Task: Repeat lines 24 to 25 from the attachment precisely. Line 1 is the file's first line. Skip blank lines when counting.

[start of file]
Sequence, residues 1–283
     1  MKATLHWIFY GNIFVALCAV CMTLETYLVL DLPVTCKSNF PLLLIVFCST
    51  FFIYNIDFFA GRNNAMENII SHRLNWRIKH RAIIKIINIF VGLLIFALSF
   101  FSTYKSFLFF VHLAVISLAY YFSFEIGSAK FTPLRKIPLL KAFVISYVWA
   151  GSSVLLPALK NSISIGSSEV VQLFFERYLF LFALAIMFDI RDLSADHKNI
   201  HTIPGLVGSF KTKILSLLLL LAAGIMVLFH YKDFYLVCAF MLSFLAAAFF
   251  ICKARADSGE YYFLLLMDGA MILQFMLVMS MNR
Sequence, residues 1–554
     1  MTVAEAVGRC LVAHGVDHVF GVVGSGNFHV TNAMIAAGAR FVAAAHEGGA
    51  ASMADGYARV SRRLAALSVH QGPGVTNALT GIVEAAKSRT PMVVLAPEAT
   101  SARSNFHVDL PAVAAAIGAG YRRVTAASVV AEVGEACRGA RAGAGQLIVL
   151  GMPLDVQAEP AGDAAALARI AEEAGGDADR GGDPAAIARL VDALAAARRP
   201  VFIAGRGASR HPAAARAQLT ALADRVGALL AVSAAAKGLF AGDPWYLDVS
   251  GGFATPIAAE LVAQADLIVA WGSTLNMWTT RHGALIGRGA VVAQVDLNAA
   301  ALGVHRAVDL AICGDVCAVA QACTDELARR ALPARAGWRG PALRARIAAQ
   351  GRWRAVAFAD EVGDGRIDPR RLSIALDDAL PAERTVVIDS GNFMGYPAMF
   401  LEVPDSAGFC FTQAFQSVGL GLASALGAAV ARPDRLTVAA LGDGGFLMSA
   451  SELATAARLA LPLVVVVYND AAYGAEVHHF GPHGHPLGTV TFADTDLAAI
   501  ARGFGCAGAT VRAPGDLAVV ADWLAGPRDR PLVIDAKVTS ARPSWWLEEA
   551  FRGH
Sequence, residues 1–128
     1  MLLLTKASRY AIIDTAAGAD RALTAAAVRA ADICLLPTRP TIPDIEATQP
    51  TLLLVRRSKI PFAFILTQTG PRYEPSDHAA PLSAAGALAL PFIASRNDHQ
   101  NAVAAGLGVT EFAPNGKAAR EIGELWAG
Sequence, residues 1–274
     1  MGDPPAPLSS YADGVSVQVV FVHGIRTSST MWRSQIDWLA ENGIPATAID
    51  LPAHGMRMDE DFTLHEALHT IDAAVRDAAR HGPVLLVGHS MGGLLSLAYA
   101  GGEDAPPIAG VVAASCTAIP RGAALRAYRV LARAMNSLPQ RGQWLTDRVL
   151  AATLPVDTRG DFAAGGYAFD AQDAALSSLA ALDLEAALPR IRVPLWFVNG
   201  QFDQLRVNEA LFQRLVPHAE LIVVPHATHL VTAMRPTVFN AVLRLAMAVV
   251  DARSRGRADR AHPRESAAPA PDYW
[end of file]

   101  NAVAAGLGVT EFAPNGKAAR EIGELWAG
Sequence, residues 1–274